PT: Precisely. Those elites in the US and the UK had 30 glorious years. But by the late Seventies, they started getting selfish. That’s when we began to see the separation between worker productivity and worker compensation. And immediately — within another 30 years — the numbers of uber-rich people exploded in the United States. The number of decamillionaires, those with $10 million or more, increased tenfold from the Eighties to 2010.

That’s the wealth pump at work. And that’s what drives one part of elite overproduction in the US, which is the overproduction of wealthy people who try to become candidates for political office. That’s one of the reasons why the cost of campaigning for political office has completely exploded.

MH: You say in End Times that “America is in a revolutionary situation”. In your view, is it too late to avert the predicted crisis?

PT: We are in crisis, but it’s not too late to avert the worst outcomes. I’m not a collapsologist. The possibility of a social revolution in the US seems to me outlandish. But the Ancien Régime nobility in France could not imagine that in 1789 they would be put under the guillotine, just as antebellum Americans could not imagine a bloody war that would leave 600,000 dead. It is typical that we cannot fully see the possible nastiness of a situation before it unfurls.

We have close to 200 cases of societal crisis right now, and the majority are fairly severe — some leading to outright collapse. But there are also maybe 10-15% of cases where the elites pull together and, cooperating with the rest of the population, they find the right mix of reforms and avoid the worst outcomes. For example, in the mid-19th century, the British Empire was the only large European state that was not affected by a revolution. Of course, there were bad moments, like the Peterloo massacre, but there was no civil war. That’s partly because a group of social elites got together and convinced the rest of their number of the need to reform.

MH: What about elite dissidents today? In your book, you give a fictionalised example of a young, far-Left, woke, upper-middle class revolutionary who wants to smash the system from within. She joins Antifa, the autonomous anti-fascist movement, and wants to abolish the police — even if that makes life worse for the working class. But is she really a revolutionary at all if none of her opinions have any resonance with the working class?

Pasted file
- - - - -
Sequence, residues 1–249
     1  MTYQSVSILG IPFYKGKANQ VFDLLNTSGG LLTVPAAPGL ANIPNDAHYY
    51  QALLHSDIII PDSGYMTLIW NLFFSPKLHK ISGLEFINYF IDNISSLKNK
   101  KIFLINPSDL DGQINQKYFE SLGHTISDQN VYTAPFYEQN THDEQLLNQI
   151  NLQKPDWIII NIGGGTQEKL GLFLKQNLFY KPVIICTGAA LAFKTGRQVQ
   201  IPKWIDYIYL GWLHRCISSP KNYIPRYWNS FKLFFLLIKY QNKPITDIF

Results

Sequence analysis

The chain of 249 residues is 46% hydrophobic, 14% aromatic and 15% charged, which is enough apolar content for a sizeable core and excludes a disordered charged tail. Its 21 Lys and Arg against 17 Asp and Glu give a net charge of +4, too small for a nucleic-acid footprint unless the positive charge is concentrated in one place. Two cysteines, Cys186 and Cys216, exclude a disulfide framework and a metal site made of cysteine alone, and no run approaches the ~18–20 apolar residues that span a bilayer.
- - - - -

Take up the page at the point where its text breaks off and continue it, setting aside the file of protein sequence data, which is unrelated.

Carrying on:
PT: She is a failed revolutionary, clearly, because she cannot harness popular discontent. In fact, it’s the populists on both the Left and the Right who resonate far more with the working class in the United States.

Antifa is really quite ineffectual, except at beating up Right-wing extremists and smashing things. That’s why Jane, this character in my book, grows disenchanted after some years in the Antifa movement because it’s not going anywhere. She then realises that the way to get ahead in the US, if you want to have a revolution, is through the legal channels because the state is very strong. I am Russian, and I can tell you that nothing like a Bolshevik Party is possible in the US. We don’t want a violent revolution, really. Instead, people on both the Left and Right work their way through the structures of power.

MH: Do you think the elites who want to abolish the police are genuine believers?

PT: Yes. Antifa is fairly secretive, and for good reason, because they don’t want to be penetrated by the FBI. So let’s look back 50 years, at the Marxist militant group the Weatherman Underground, because many of those people have now written memoirs, and we have a pretty good idea of what motivated them. They were clearly fighting against what they saw as an unjust American society, where the poor went hungry and where minorities and women were oppressed. They had a genuine cause — but they were completely unrealistic about their ability to start a revolution. And so they started blowing up monuments, killing people, all because they wanted to trigger the outpouring of popular anger against the elites.

But there was no popular anger at that time. This was before the wealth pump got turned on: American workers were doing very well, and every new generation was doing better than the previous one, so they were completely turned off by these wannabe revolutionaries. Just because somebody is a revolutionary doesn’t mean that they are going to be a successful revolutionary.

MH: You say in your book that the Republicans are on their way to becoming a revolutionary party. And, as we saw with Brexit and long before that — with the repeal of the Corn Laws — that alliances between political elites and a disaffected working class are often somewhat cynical. Is revolution more likely to come from the Right? 

PT: We have to remember that there’s not just one counter-elite party; they’re all splintered. It is a constant struggle between the different radical groups. That’s why, in the US, we have Left-wing populists and Right-wing populists who cannot work together, even though Bernie Sanders sometimes says things that are identical to Republican Senator J.D. Vance.